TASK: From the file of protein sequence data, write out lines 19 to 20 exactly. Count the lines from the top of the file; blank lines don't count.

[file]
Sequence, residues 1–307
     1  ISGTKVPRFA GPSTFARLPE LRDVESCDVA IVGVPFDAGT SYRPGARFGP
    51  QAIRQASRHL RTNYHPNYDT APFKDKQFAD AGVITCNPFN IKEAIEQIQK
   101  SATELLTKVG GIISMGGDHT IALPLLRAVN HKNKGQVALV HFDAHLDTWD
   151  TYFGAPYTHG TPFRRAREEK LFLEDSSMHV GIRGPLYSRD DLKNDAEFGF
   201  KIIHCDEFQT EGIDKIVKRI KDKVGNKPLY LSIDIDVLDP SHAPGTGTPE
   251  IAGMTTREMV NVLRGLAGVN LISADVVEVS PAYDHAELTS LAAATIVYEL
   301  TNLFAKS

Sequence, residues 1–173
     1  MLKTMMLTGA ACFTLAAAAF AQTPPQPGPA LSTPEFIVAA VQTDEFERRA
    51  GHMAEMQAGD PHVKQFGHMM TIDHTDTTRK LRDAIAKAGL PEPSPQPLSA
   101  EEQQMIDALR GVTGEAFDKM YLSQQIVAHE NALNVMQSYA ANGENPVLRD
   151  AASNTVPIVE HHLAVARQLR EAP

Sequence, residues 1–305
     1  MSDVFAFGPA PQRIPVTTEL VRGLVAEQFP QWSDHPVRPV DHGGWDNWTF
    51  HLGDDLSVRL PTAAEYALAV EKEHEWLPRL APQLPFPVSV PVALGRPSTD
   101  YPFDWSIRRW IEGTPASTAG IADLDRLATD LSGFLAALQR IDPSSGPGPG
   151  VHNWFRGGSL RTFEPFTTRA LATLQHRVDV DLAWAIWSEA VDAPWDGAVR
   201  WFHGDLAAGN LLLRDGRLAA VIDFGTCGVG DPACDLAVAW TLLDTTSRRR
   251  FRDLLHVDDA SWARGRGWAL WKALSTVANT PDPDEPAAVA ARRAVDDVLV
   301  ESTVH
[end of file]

   201  WFHGDLAAGN LLLRDGRLAA VIDFGTCGVG DPACDLAVAW TLLDTTSRRR
   251  FRDLLHVDDA SWARGRGWAL WKALSTVANT PDPDEPAAVA ARRAVDDVLV